It’s been twelve years, a grey-and-red BASF tape I’ve been handed, through a chain of people, back at high school, allegedly having the kick-ass cyberpunk sound that’s gonna make me into a Japanese mecha so that I could destroy the world a bit more. Obviously, as you all know with a bit of background knowledge or common sense, it wasn’t really the case. Paul van Dyk and Zen Paradox were not even close to spiral arms or Molly’s fletchette: they were more like windows onto pop culture, your standard run, cast into plastic for ninety minutes in times of an ISP meltdown.

But the tape had minutes of wonders. It had Leaether Strip, orchestral dark EBM, pure adrenaline ricocheting off stomping boots, waves of segregation and seething anger against the world, and no small wonder, Claus Larsen, mastermind behind the Danish EBM project has practically single-handedly forged two of the best-quality EBM albums of the nineties, Solitary Confinement and Underneath the Laughter, both on the now defunct Zoth Ommog label. It had Front Line Assembly, two albums again – Caustic Grip and Tactical Neural Implant, straight from Canada and the underground elite intelligentsia of righteously self-proclaimed cyberpunk, melting pot of every piece of cultural meme Bill Leeb could lay his hands on.

And it had Mentallo & The Fixer. And God, did I have several hundreds of kilobytes of text files, secret recipes into the world of industrial music (remember, this is still high school, 1996, only chosen ones had modems back then) and yet I had no intel on them. I knew there was an album entitled Revelations 23 and it had tracks with emotions as huge as the universe, it had love, desperation, anguish, hunger, all the size of the Cosmos and their tracks were movie canvasses that displayed movies even when noone was listening at them. So I fell in love. Twelve years.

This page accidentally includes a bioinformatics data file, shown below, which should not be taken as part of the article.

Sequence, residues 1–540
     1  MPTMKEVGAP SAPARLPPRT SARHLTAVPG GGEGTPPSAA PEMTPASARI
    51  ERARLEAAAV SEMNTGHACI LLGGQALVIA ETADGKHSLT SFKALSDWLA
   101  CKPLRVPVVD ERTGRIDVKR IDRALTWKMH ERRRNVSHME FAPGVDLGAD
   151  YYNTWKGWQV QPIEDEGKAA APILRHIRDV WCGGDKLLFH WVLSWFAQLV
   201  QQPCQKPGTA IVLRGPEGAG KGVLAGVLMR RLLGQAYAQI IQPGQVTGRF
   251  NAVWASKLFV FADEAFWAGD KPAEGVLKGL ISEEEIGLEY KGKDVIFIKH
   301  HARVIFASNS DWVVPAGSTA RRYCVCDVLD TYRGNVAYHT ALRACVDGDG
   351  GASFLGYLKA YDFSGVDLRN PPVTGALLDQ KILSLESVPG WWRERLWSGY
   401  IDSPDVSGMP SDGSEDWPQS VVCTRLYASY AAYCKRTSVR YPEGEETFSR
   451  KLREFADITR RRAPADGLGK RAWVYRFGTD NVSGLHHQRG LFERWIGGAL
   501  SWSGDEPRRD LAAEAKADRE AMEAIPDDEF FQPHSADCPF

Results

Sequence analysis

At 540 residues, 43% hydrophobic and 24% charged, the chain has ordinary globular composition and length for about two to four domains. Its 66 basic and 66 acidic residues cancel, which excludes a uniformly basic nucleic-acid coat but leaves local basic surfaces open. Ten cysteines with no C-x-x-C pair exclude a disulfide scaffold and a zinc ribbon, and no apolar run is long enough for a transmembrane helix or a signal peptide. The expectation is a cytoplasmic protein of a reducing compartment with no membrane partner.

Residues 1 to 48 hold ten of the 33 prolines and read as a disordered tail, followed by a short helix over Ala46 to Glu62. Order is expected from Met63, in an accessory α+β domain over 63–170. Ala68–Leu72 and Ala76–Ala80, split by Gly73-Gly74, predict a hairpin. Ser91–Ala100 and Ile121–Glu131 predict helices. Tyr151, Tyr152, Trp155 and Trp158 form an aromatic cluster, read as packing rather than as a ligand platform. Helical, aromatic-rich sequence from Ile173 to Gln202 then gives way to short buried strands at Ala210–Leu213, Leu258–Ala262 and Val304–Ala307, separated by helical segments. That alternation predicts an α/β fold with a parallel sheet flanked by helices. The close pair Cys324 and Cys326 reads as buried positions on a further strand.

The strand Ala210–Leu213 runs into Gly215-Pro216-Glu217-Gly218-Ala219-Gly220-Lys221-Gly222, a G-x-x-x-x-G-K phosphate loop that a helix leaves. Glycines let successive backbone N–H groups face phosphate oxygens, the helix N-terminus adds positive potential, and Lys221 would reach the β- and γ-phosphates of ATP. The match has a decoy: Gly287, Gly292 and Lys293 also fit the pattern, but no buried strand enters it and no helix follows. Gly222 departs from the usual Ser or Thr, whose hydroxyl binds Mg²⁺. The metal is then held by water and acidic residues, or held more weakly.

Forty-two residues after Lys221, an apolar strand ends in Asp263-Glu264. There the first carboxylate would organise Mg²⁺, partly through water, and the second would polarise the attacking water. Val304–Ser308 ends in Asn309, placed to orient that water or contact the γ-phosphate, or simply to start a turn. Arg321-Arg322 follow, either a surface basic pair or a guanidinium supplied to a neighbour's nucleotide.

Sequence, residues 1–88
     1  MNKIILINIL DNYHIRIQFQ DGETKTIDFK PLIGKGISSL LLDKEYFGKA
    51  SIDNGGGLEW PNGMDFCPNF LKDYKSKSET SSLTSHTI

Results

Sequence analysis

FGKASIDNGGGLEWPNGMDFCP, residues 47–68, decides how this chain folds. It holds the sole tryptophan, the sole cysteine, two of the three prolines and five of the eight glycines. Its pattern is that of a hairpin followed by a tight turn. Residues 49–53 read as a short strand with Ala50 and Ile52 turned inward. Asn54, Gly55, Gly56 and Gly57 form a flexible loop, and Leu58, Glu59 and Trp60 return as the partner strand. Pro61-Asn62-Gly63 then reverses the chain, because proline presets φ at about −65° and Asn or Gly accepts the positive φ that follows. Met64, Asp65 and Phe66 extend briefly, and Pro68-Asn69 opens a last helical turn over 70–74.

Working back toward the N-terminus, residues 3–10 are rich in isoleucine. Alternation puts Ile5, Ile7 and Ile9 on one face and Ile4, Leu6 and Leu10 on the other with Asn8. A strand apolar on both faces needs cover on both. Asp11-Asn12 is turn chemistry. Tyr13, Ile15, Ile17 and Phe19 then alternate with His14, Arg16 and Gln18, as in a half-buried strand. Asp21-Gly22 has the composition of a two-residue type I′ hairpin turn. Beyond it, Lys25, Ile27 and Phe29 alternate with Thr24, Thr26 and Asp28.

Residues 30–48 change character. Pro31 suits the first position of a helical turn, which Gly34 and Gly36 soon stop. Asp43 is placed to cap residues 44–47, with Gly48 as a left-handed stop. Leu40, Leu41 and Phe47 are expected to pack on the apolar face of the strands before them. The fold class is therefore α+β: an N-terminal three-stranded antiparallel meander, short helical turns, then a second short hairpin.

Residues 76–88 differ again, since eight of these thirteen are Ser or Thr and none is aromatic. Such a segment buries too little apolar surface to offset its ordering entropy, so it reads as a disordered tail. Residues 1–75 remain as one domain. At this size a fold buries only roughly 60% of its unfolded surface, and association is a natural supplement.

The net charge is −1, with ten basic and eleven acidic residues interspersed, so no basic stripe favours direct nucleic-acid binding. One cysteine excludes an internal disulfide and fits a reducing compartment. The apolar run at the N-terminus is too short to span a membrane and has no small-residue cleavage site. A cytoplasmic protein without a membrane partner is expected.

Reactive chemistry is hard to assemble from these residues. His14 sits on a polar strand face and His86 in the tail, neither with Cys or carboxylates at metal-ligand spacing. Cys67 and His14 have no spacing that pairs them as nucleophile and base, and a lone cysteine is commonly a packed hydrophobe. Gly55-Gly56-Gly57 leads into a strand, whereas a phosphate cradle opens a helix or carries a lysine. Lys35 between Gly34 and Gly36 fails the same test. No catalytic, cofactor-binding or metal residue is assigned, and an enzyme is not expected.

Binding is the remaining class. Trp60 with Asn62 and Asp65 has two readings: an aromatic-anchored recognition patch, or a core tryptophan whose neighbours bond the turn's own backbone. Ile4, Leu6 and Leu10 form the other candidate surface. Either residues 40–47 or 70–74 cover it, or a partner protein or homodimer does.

And now it turns out that the Mentallo guys (with the help of Ras Dva label head Ric Laciak) release all their older stuff for free, in mp3 downloads, with artworks. You can download Revelations 23 (an interstellar voyage of crying and hysteria with freckles of cosmic dust and beats to cling on to) and Where Angels Fear to Tread (an album much refined in sound, cooler in emotions and more subtle in everything) and then some more, like two Benestrophe albums, way back in time, when doing synth-electro-pop surely looked like a good idea for them (and Sensory Deprivation is one hell of a radio-friendly ride, trust me.)

Mainesthai, their side project is massive. It’s a blind god, lobotomized, behind a Nordlead and two CD decks. Seriously, the Mainesthai track Y (and its two remixes) are serious forces of rebellious narrative ambient electro (and their take on Mentallo’s tracks are even better). It’s splatter electro from the nineties and it’s very much not like Velvet Acid Christ or anything from that era. If you opened the door labeled VAC, the room behind that smelled from all the drugs the local pharmacists could cook up for you. If you opened the Mentallo room, it was all crystal clockwork, cosmic bandwidth and catastrophes.

And it’s all free for the taking now. It’s very much like being a child, again, looking up at the sky with the funny little light in your eye, because the sky’s looking back at you. And it’s singing. (